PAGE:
Use of bedside emergency department (ED) ultrasound has become increasingly important for the clinical practice of emergency medicine (EM). We sought to evaluate differences in the availability of immediate bedside ultrasound based on basic ED characteristics and physician staffing.
We surveyed ED directors in all 351 EDs in Colorado, Georgia, Massachusetts, and Oregon between January and April 2009. We assessed access to bedside ED ultrasound by the question: “Is bedside ultrasound available immediately in the ED?” ED characteristics included location, visit volume, admission rate, percent uninsured, total emergency physician full-time equivalents and proportion of EM board-certified (BC) or EM board-eligible (BE) physicians. Data analysis used chi-square tests and multivariable logistical regression to compare differences in access to bedside ED ultrasound by ED characteristics and staffing.
We received complete responses from 298 (85%) EDs. Immediate access to bedside ultrasound was available in 175 (59%) EDs. ED characteristics associated with access to bedside ultrasound were: location (39% for rural vs. 71% for urban, P<0.001); visit volume (34% for EDs with low volume [<1 patient/hour] vs. 79% for EDs with high volume [≥3 patients/hour], P<0.001); admission rate (39% for EDs with low [0–10%] admission rates vs. 84% for EDs with high [>20%] rates, P<0.001); and EM BC/BE physicians (26% for EDs with a low percentage [0–20%] vs.74% for EDs with a high percentage [≥80%], P<0.001).
U.S. EDs differ significantly in their access to immediate bedside ultrasound. Smaller, rural EDs and those staffed by fewer EM BC/BE physicians more frequently lacked access to immediate bedside ultrasound in the ED.
We sought to measure the self-reported implementation of the crowding solutions outlined in the 2008 American College of Emergency Physicians (ACEP) Boarding Task Force report “Emergency Department Crowding: High-Impact Solutions.” We also tested the hypothesis that the self-reported crowding of emergency departments (EDs) was positively associated with the implementation of these solutions.
In early 2009, we mailed a survey to all medical or nursing directors from EDs in four US states asking for information regarding their EDs in 2008. Geographic information about the EDs was included in the analysis, along with survey responses about their ED capacity status and implementation of specific ACEP crowding solutions.
A total of 284 of 351 EDs responded (81%). The majority of EDs were in urban areas (56%), non-teaching hospitals (93%), and not critical access hospitals (76%). The percentage of EDs “over capacity” ranged from 10–49% in each state. The mean number of crowding solutions used in EDs that were at or over capacity ranged from 3.6–4.6 in each state. EDs with visit volumes greater than or equal to three patients/hour were more likely to be over capacity than at capacity or at a good balance (46% vs. 31% and 15%, respectively). In terms of the use of high-impact crowding solutions, hospitals over capacity were more likely to utilize inpatient full capacity protocols (40% vs. 25% and 25%) but not inpatient discharge coordination (29% vs. 27% and 34%) or surgical schedule smoothing (31% vs. 28% and 32%). Hospitals over capacity were also more likely to have fast track units (44% vs. 32% and 16%) and physicians at triage (48% vs. 29% and 17%).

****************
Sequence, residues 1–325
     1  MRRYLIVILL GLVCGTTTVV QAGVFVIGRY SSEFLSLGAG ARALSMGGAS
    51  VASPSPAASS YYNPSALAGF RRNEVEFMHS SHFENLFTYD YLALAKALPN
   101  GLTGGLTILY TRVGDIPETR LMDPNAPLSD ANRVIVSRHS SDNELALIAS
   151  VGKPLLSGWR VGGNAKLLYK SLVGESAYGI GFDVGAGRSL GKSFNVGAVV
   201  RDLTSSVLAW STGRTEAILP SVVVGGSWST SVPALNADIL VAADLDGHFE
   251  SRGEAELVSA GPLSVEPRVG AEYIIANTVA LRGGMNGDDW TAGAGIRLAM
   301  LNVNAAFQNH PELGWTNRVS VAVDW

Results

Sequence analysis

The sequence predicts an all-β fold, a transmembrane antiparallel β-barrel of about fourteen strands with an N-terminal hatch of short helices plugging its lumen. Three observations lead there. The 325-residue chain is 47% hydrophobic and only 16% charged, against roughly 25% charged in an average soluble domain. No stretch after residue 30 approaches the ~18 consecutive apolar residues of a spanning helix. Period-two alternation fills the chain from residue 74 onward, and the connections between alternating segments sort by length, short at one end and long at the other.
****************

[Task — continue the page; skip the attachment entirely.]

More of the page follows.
Less than half of EDs in each state reported operation above capacity. Implementation of some crowding solutions was more common in the above-capacity EDs, although these solutions were not consistently used across geographic locations and hospitals. Given that the majority of EDs were not over capacity, the implementation of these solutions does not seem to be universally necessary.
Emergency department crowding; ACEP; Crowding solutions
Rapid access to emergency services is essential for emergency care sensitive conditions such as acute myocardial infarction, stroke, sepsis, and major trauma. We sought to determine US population access to an emergency department (ED).
The National Emergency Department Inventories (NEDI) – USA was used to identify the location, annual visit volume, and teaching status of all EDs in the US. EDs were categorized as 1) any ED, 2) by patient volume, and 3) by teaching status. Driving distances, driving speeds, and prehospital times were estimated using validated models and adjusted for population density. Access was determined by summing the population that could reach an ED within the specified time intervals.
Overall, 71% of the US population has access to an ED within 30 minutes, and 98% has access within 60 minutes. Access to teaching hospitals was more limited, with 16% having access within 30 minutes and 44% within 60 minutes. Rural states had lower access to all types of EDs.
Although the majority of the US population has access to an ED, there are regional disparities in ED access, especially by rurality. Future efforts should measure the relationship between access to emergency services and outcomes for emergency care sensitive conditions. The development of a regionalized emergency care delivery system should be explored.